Wednesday, January 25, 2012

My Illiberal Confession

I was reading "The Gospel of Thomas" today in preparation for Thursday's Patristics class.

Why would you assign something like that? my wife asks, as you might ask as well.

In short, to help my students get a handle on the thought, the culture, the setting of Early Christianity, and to know against what the Fathers were reacting, particularly in the 2nd and 3rd centuries.

As for my liberalism, let me say this. I consider myself a student of humanity, especially of religious man. I have gained a deep admiration for all sorts of pagans and heretics over the years: love Nietzsche, as you know, admire Siddhartha Gautama, consider Plato the master of those who know, adore Plotinus, feel a deep affinity for Luther, Tertullian, Pascal, Tolstoy, love Philo the Jew, Moses Maimonides, etc., etc. But I have standards. One can appreciate a lot of things that specifically diverge from one's own worldview, but because something is different does not mean that it is admirable, I learned today.

Origen, the great 3rd Century theologian, encouraged his students to read everything, with one exception - the works of atheists. He just considered them so obviously unwise that he thought no benefit could come of it. Now, in those days, of course, atheism was extremely rare. Thus, it was basically considered a sign of stupidity or even madness. Now, my immediate reaction to Origen's statement was disagreement: truth, after all, this liberal  (i.e. me) argues, can be found just about everywhere, if not, in fact, everywhere. After having given my standard sympathetic reading to the Gospel of Thomas, I still stand by my liberalism, but just by a thread. There is some truth in this ancient text. It's just that it's not much more than the scribblings of an idiot, an ancient idiot.

I am not altogether comfortable with this very illiberal conclusion of mine.

The author of the Gnostic Gospel of St. Thomas was not a religious genius. In fact, he was a buffoon, an 'enthusiast' in the worst sense, just someone who loved to hear the sound of his own voice. One can admire the moral puritanism of Marcion, for instance, but this guy was juvenile and, I believe, disturbed.

A few years ago a movie came out, Stigmata, whose premise was that the Church was doing whatever it could to bury this Gospel of Thomas, "newly" discovered. It was a sort of Da Vinci Code before Da Vinci Code, but without the hype and without the budget. But of course, anyone with an even passing knowledge of Early Christianity knows that this Gospel was not - nor were the many other false Gospels - 'buried.' It was known and simply considered inauthentic.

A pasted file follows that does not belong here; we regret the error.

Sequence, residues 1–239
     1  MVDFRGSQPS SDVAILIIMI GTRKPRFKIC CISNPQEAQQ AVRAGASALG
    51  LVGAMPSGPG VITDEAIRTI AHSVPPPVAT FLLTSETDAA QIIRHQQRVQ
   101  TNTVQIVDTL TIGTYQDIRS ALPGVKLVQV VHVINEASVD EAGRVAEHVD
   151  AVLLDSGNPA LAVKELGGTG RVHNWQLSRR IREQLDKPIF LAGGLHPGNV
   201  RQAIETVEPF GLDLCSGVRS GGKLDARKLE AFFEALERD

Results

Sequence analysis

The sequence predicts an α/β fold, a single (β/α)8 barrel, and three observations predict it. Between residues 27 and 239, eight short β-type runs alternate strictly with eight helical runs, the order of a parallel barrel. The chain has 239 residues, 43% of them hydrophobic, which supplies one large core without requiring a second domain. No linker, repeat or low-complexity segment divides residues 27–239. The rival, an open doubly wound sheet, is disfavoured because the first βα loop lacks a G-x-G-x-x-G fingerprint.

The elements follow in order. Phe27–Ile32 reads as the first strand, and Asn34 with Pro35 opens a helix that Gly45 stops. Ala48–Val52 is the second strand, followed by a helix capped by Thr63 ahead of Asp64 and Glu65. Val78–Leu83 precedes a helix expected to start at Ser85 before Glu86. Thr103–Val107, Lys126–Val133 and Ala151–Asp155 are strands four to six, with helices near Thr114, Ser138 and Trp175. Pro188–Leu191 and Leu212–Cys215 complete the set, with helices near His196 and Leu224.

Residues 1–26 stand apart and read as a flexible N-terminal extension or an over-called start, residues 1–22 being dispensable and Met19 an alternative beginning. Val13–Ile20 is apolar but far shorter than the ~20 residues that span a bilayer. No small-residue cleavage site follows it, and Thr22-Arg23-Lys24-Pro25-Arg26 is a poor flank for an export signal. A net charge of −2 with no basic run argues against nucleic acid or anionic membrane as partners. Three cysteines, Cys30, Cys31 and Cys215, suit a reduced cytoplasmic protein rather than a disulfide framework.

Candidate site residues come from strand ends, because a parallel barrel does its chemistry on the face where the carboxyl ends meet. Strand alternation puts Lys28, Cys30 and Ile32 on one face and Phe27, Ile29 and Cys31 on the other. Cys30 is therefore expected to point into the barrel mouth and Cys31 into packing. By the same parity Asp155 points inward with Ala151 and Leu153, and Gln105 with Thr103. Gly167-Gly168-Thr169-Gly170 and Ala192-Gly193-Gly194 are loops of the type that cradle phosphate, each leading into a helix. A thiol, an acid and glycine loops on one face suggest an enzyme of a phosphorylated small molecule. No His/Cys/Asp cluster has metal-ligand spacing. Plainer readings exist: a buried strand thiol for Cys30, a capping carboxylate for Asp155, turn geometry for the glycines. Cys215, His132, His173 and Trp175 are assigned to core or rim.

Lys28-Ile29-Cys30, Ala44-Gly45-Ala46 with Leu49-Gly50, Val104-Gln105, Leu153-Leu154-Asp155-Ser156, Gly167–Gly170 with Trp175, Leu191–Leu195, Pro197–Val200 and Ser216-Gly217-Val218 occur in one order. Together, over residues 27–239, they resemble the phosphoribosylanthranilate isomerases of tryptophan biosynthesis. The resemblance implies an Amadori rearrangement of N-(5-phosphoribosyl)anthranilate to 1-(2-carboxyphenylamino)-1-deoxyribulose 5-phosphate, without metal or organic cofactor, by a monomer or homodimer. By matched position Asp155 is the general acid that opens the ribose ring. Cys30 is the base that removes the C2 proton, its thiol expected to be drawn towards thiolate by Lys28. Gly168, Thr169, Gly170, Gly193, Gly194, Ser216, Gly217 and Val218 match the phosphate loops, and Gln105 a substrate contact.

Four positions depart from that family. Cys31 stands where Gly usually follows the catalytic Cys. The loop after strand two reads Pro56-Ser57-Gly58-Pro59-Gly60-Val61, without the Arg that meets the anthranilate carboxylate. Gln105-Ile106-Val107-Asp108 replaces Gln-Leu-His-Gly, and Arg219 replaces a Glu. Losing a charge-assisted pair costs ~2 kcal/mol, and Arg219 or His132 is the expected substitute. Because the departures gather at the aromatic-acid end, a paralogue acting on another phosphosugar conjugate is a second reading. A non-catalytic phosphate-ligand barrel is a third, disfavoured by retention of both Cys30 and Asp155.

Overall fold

Here are just some of the hilarious quotes I have culled from that source so that you can decide whether the Church was right not to include it in the sacred canon of Scripture (the numbers that follow the excerpts are the standard paragraph designations):

Let him who seeks not cease seeking until he finds, and when he finds, he shall be troubled. And when he is troubled, he will marvel, and he will rule over all (2)
If you become my disciples and you hear my words, these stones shall serve you. (18)

He who has known the world has found the body, but he who has found the body, the world is not worthy of him (80)

The body is wretched which depends on a body, and the soul is wretched which depends on these two (87)

Do not give what is holy to dogs because they will throw it on the dung heap. (93)

Heaven and earth came into being for James (12)

Show me the stone rejected by those who built. It is the cornerstone (66)
Blessed are you when they hate and persecute you, and they find no place wherever you have been persecuted (68)

If you beget what is in you, what you have will save you. If you do not have it in you, what you do not have in you will kill you (70)

This writer had an uncanny ability to take a passage from Matthew or Luke and while attempting to make it even more profound and mysterious, mess it up badly, thus indicating his total failure to understand the original point. A great example of this would be his parable of the fisherman, which should be compared with Matthew 13:

44 “The kingdom of heaven is like treasure hidden in a field. When a man found it, he hid it again, and then in his joy went and sold all he had and bought that field.

45 “Again, the kingdom of heaven is like a merchant looking for fine pearls. 46 When he found one of great value, he went away and sold everything he had and bought it.
Here, net gain, one giant pearl.
The Gospel of Thomas, offers this by way of comparison:

"The man is like a wise fisherman who threw his net into the sea. He drew it up from the sea; it was full of small fish. The fisherman found among them a large, good fish. He threw all the small fish back into the sea; with no trouble he chose the large fish."

So I am to believe it is wise in fishing that one prefer one fish to a huge net full of fish that also includes that one large fish?

Here, net loss, a whole bunch of fish.

This work ranks as the worst attempt to appear wise I have ever come across.

One last thing. Read the Gnostic writings. If nothing else they will teach you to appreciate how ingenious the authentic canonical writings are and also a great deal about the Ancient World.

Oh, Elaine, for a Princeton prof you certainly do not seem to have many scruples about manipulating the uneducated for a buck.


  1. I confess that in my Gnostic phase, I had a copy of Gospel of Thomas and quite liked it.

    But now I am radically opposed to Gnosticism.


  2. Those quotes made me laugh and Jacob said, "Hey, slow down. I want to read that." He will enjoy your class one day.

  3. Deborah,

    I try to give everything a fair read, but it just sounds like so many half-baked, self-appointed prophets I've run into in my life.


    I will enjoy Jacob! That boy and I have a lot in common, I hate to tell ya.